Why should their children bother with science at all, if faith healing and shamanistic trances are superior to the medicines and procedures wrought by the scientific method?

Glen D http://tinyurl.com/b8ykm

One of the problems with Gallaghers piece is that many of the examples of pseudo-science that he cites are supported by wacko right wing cultists as well. A few years back I attended a gun show in Portland Oregon. This was heavy duty rightwing. About 1/3 of the booths featured alternative medicine displays. They had everything plus some I had never heard from before. Also historically, the antivaccination movement originated from the right. In addition, does anyone remember the antifluoridation movement from the 50s?

It is downright bizarre to atribute these movements to the ‘spirtual left’ though of course we must acknowledge that some of our misquided comrads do embrace this nonsense.

Glen: To attack anti-science attitudes, the medical and scientific establishments also need to be mindful of their image, and their relevance in the lives of ordinary people. One of the reasons for the appeal of “alternative medicine” – both good and bad – is that for many years after WWII, the “scientific-insustrial complex” saw itself – and acted – like a new God, the answer to everyone’s prayers, and the sole source of rationality and useful solutions, superceding and casting aside all things old, folky, backward, untested (by their methods), superstititious, irrational (and generally non-Western). From this era we got colossal arrogance, contempt for ordinary shmoes, badly-built nuclear power plants, Robert MacNamara, and thalidomide.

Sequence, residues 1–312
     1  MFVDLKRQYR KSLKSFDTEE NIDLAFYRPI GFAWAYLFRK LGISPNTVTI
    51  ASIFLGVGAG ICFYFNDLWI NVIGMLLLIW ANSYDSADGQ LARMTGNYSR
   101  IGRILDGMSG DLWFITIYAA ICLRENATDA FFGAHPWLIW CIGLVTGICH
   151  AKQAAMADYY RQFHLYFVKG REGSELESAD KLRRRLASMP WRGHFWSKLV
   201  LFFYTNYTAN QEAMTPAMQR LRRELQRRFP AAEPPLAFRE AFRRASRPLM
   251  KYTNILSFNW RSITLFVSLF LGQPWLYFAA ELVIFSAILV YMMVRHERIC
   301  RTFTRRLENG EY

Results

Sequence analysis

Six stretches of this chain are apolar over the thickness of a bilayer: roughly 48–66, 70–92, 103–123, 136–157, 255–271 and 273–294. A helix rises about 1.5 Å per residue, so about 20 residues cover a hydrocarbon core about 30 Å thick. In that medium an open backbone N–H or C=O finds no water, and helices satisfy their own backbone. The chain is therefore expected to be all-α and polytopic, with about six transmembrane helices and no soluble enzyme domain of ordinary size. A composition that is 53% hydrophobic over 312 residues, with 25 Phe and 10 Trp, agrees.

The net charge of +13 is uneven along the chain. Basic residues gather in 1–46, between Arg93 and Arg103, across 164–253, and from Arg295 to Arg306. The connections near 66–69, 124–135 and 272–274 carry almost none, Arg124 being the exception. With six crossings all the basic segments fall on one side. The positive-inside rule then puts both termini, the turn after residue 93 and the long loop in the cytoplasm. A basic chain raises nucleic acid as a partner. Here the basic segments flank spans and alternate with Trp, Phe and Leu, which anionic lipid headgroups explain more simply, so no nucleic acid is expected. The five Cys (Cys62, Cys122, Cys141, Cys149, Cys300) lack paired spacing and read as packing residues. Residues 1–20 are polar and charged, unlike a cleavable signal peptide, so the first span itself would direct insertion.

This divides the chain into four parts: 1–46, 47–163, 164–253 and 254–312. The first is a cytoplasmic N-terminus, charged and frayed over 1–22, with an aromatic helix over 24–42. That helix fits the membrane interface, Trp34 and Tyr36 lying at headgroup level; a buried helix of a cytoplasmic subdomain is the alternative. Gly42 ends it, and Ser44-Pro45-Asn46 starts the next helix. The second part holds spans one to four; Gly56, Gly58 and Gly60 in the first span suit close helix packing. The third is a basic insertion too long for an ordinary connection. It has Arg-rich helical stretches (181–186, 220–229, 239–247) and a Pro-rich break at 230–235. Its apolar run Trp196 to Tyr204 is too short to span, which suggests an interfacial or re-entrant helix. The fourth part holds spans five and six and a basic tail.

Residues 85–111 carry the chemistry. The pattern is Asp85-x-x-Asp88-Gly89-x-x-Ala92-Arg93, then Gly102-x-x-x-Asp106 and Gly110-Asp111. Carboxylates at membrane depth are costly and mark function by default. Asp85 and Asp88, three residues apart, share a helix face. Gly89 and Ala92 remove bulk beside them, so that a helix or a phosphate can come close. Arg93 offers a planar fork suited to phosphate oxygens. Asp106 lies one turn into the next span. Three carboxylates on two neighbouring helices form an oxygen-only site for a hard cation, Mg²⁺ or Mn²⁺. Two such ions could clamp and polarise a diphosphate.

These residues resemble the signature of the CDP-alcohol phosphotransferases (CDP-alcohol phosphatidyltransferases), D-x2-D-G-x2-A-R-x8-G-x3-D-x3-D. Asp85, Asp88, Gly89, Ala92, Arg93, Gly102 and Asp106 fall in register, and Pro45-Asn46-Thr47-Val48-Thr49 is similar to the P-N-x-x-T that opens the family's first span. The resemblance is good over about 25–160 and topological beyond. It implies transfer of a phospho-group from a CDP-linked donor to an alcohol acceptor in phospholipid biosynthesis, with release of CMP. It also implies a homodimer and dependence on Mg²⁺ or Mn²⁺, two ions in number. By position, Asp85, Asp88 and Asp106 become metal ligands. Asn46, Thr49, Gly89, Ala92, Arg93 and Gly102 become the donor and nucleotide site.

This lasting legacy of arrogance and incompetence is especially strong among the poorest people, who can’t afford high-tech treatments and get stuck with uncaring mediocre doctors.

And let’s face it: “big pharma” is still a hit-or-miss proposition, and taking the wrong combination of drugs while fumbling for the right one, and dealing with nasty side-effects, can leave a lasting bad impression of “conventional medicine.” (Any doctor who recommends prednisone had better not complain about the dangers of marijuana!)

Raging Bee,

Not sure I entirely agree with your history and interpretation, but I agee that scientists who want to promote science do need to be mindful of image. The IDers and anti-science types are more than glad to try and tear down scientists - the best response is to show they’re wrong by not acting like any of their stereotypes. Like it or not, the fight against the anti-science crowd is a war of image as well as fact.

I desperately wish it was different. As a manager, I love my facts, but in many cases I get things done by the intangibles - swapping DVD’s with my Technical Expert goes farther than explaining in excruciating boring detail why we need to follow this flowchart.

Raging Bee wrote:

One of the reasons for the appeal of “alternative medicine” — both good and bad —

Be specific, which alternative medicine do you consider “good.”

… is that for many years after WWII, the “scientific-insustrial complex” saw itself — and acted — like a new God, the answer to everyone’s prayers, and the sole source of rationality and useful solutions, superceding and casting aside all things old, folky, backward, untested (by their methods), superstititious, irrational (and generally non-Western). From this era we got colossal arrogance, contempt for ordinary shmoes, badly-built nuclear power plants, Robert MacNamara, and thalidomide.

Am I the only one here who can detect the faint hint of bovine fecal matter rising up from Bee’s comment?

I think that highly compressed bit of history is rather distorted.

Glen Davidson Wrote:

But at least we must be aware of the threats that all of pseudoscience poses, sometimes directly, and sometimes through more indirect means, that is, by calling into question the value of expertise in deciding what to teach and what to fund.